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"linkage() function mistakes distance matrix as observation vectors" #2615

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@hongbo-zhu-cn

this is to handle issue # 2614 ( scipy#2614 )
"linkage() function mistakes distance matrix as observation vectors"
If input to linkage() is a 2-dimensional matrix, it is first checked by predicate is_valid_dm(). If it is a distance matrix, it is converted to condensed vector. Otherwise it is considered to be observation vectors and condensed distance matrix is calculated using pdist() function.

@hongbo-zhu-cn

this is to handle issue # 2614 ( scipy#2614 )
"linkage() function mistakes distance matrix as observation vectors"
If input to linkage() is a 2-dimensional matrix, it is first checked by predicate is_valid_dm(). If it is a distance matrix, it is converted to condensed vector. Otherwise it is considered to be observation vectors and condensed distance matrix is calculated using pdist() function.

@rgommers
Owner

Hmm, looks like this has the potential to silently return different results for existing code. I'm not a user so can't judge what the best solution is here. @jakevdp any opinion on this?

@jakevdp
Collaborator

I haven't used this much either, but I agree with @rgommers's concerns. In particular, the is_valid_dm function returns False if the matrix is not of type double. This might cause confusion if someone were to pass a float32 array, expecting it to be interpreted as a distance matrix. Also, there exist corner cases where a set of vectors might look like a distance matrix (however contrived that might be), and without a way to specifically flag the user's intent, it's hard to guess what the algorithm should do.

My first preference would be to keep the current behavior, but change the documentation to be reflective of the algorithm. It's clean, it involves no guesswork, and it won't break any legacy code.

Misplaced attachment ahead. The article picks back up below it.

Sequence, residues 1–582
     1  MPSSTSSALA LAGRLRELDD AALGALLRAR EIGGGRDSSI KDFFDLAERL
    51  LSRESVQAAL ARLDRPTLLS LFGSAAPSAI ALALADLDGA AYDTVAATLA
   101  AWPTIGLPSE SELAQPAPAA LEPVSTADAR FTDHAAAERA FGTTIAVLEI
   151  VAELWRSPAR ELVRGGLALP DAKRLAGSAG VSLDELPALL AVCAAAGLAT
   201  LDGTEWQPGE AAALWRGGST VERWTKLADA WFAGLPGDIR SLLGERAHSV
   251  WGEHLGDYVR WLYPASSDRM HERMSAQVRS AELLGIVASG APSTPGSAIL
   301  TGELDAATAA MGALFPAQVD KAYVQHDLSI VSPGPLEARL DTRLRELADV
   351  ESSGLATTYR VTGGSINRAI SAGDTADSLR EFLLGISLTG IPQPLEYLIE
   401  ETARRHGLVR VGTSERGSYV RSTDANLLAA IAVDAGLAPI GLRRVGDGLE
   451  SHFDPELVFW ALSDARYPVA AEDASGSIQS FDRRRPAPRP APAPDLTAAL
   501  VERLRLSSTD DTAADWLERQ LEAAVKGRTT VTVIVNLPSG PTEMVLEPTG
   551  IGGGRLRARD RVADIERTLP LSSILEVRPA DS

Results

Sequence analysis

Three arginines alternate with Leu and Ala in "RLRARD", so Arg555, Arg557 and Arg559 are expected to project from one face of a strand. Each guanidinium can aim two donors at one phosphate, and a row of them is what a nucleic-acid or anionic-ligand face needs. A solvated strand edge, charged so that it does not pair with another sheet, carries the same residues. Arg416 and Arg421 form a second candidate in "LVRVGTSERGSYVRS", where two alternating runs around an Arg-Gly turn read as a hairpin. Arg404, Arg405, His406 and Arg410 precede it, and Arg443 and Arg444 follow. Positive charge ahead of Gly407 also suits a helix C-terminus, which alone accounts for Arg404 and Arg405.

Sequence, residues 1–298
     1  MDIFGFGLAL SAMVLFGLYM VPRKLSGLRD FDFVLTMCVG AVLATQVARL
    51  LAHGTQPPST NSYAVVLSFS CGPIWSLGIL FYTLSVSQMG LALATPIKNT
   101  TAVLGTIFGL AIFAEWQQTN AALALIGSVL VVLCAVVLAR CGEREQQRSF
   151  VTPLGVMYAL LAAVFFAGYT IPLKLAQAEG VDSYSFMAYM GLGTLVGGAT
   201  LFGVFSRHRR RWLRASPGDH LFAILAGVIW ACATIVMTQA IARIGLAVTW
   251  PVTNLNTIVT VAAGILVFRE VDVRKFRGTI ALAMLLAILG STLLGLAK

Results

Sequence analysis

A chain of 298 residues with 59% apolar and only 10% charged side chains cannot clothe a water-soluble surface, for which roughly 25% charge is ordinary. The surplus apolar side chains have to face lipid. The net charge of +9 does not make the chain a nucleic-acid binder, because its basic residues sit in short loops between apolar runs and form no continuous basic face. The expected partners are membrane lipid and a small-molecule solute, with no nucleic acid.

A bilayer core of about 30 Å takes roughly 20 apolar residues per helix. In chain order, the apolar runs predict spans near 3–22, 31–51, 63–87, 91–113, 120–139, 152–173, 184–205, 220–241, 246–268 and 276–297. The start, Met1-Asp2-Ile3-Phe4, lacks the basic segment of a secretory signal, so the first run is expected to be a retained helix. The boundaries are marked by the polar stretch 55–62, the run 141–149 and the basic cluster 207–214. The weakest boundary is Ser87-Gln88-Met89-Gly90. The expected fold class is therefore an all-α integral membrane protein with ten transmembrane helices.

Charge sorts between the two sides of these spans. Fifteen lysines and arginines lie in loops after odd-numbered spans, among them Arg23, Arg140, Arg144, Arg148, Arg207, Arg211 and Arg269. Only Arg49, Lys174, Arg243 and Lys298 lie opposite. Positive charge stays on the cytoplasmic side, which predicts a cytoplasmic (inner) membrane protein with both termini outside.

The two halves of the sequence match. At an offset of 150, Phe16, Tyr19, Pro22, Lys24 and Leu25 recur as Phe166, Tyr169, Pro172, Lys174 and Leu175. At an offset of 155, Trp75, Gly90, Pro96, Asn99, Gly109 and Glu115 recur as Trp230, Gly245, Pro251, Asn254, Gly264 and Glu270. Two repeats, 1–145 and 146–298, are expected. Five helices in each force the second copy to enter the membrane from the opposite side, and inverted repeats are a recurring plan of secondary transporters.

If you really feel that the user should have the ability to pass the full distance matrix, then I would prefer adding a boolean flag indicating that this is the case, so the algorithm doesn't have to guess.

@hongbo-zhu-cn

I agree that there can be cases when a set of observation vectors look like a distance matrix. Yes, in that case the code will lead to bigger confusion.

My opinion is to keep the documentation and update the code accordingly. This is because
a) it makes linkage() function more convenient;
b) users of the function linkage() have learned that they can use distance matrix as input (through the documentation and other books). Removing this option will break their code. Also, the code still needs to guess if the input is a distance matrix so it can reject it.

c) it is just intuitive to use distance matrix as input.

Adding a boolean flag is a good idea. It will break users code, too (less dramatic than rejecting distance matrix). But, it is better than leaving a bug in the code.

@WarrenWeckesser
Collaborator

I agree with @jakevdp, for exactly the reasons he gives.

@rgommers
Owner

@hongbo-zhu-cn the conclusion from the above discussion is that distance matrix input can be accepted if you add a new keyword argument for that (with default False so it doesn't change return values of existing code). Could you please do this? It's also necessary to add a unit test that covers distance matrix input.

@hongbo-zhu-cn hongbo-zhu-cn Add bool redundant_dm to indicate the cases when redundant distance m…
…atrix is used as input

Add bool redundant_dm to indicate the cases when redundant distance matrix is used as input. In such cases, the redundant distance matrices are converted to condensed form using squareform.
fb1d365
@coveralls

Coverage Status

Changes Unknown when pulling fb1d365 on hongbo-zhu-cn:master into ** on scipy:master**.

@hongbo-zhu-cn

@coveralls
I do not understand your comment. I checked the master code and it is not merged there. The pull request is still Open. Can I do any further improvement to have the bug fixed?

@jakevdp
Collaborator

@hongbo-zhu-cn - coveralls is an automatic process which checks how a PR will affect test coverage

@hongbo-zhu-cn

@jakevdp oh, that's awkward :) Thank you for the explanation.
So I guess the issue is still open and more buggy clustering results are generated ... (hopefully not).

@pv pv added the PR label
@rgwlawson

Hi. I am a new user to Python and to SciPy (and recently installed Python 2.7 in the Anaconda environment). Given that I only recently installed Python 2.7 and I too noticed (and was confused) by this issue would it be fair to say that this issue (ie whether the appropriate input in linkage is a distance matrix or an observation matrix) has still not been resolved? If so, who should I write to in order to ask it get resolved (I am new to GitHub too, so don't understand how this works either)? Many thanks for your help